The Boston Outfall Monitoring Project
In the spring of 2000, six months prior to the start-up of the multi-billion dollar project to clean up Boston Harbor, the Center announced that it had begun a careful study of possible nitrogen loading of Cape Cod Bay resulting from the average discharge of 350 million gallons a day of treated effluent from the Deer Island Treatment Plant into Massachusetts Bay. Despite intense public and scientific scrutiny of the project over the previous decade and the issuance of a stringent permit by the Environmental Protection Agency, the Cape Cod Commission, a small group of scientists (including PCCS Senior Scientist Dr. Charles “Stormy” Mayo, Dr. Theodore Smayda of the University of Rhode Island, and Dr. Joseph Montoya of Georgia Tech), and general public continued to express concern that Boston Harbor’s pollution problems might be passed on to Cape Cod.
Cape Cod Bay Watch Prior to the start-up of the Boston Outfall, researchers at the Center developed a baseline profile of Cape Cod Bay by analyzing archived plankton samples dating to the early ’80s and collecting fresh samples. Then beginning in September 2000 when the outfall became operational, the Cape Cod Bay Monitoring Project employed a variety of Environmental Protection Agency (EPA) protocols to test for copepod density.
Tracking copepods, the dense plumes of zooplankton which form the basis of the right whale diet, became the scientific yardstick for measuring whether sewage-related nitrogen is damaging the Bay ecosystem. According to Center associate scientist Dr. Gregg E. Moore, who wrote the summary of findings, “Over longer periods of time, excess sewage-derived nutrients can be transported relatively unnoticed into Cape Cod Bay and the Stellwagen Bank National Marine Sanctuary and affect water quality, marine food webs, and foraging habitat for right whales.” The underlying concern of the Center and of the Cape Cod Commission, was that the design of the MWRA’s multi-million dollar monitoring program did not give adequate attention to Cape Cod Bay. The monitoring project attempted to correct this by collecting samples more frequently at more stations throughout Cape Cod Bay.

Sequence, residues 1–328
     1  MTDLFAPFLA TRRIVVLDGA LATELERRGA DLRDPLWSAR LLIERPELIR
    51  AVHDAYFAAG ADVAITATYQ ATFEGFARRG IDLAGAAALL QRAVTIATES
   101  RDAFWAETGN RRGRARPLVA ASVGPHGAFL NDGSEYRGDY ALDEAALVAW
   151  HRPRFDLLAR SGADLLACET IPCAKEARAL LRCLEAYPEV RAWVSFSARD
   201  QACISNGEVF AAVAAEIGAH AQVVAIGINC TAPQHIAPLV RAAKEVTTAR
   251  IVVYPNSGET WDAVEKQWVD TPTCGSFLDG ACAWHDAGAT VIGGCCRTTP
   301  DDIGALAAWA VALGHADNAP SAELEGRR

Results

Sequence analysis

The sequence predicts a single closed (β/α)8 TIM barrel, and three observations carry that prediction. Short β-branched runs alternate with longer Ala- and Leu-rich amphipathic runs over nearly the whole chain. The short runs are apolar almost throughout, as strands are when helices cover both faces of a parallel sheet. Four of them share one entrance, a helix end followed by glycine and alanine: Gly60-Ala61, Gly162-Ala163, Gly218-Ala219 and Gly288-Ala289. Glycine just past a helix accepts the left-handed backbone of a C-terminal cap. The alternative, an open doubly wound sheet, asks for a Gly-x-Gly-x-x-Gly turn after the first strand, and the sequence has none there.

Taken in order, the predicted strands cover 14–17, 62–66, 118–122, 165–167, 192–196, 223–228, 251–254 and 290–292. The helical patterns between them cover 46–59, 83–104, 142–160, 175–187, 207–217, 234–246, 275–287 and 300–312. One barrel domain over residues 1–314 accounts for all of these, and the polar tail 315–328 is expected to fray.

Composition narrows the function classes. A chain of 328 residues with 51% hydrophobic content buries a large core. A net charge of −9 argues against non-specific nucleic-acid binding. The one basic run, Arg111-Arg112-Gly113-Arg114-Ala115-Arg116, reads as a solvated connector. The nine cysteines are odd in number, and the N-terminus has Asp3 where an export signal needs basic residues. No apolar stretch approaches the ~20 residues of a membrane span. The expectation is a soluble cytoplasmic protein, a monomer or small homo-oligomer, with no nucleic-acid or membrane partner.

“Given the value of Cape Cod Bay and its resources, it was critical to confirm the effectiveness of the outfall design,” says Dr. Charles Mayo, Center Senior Scientist. “The results of our studies confirm that the design of the outfall was as effective as planned.” However, the study calls for additional research employing new criteria to assess potential long-term affects to the Bay.
Cape Cod Bay Watch The nine-mile-long outfall tunnel discharges treated sewage into Massachusetts Bay through a series of diffusers located in approximately 100 feet of water. The discharge point is about 36 miles from Cape Cod Bay. Before construction of the court-ordered tunnel, Boston Harbor was little more than an open sewer with massive quantities of untreated effluent discharging daily into the embayment. Borrelli, who is a member of the Public Interest Advisory Committee that helps to oversee the MWRA monitoring program, told the commission that “in a remarkably short time we have witnessed one of the major environmental cleanups in the nation. It is a cause for celebration. However, this would not have come about were it not for public concern and the attention to detail given the design of the project by many individuals and organizations throughout the region.”
The Center’s Cape Cod Bay Monitoring Project was funded in part by the Massachusetts Environmental Trust, Oak Foundation, Cape Cod Commission, and concerned citizens throughout the region.
The Center’s report on the study is available in its entirety in PDF format below.
“Effects of Boston Outfall on the Marine Community of Cape Cod Bay”
To learn more about the Boston Outfall Project and the Massachusetts Water Resources Authority please view their website: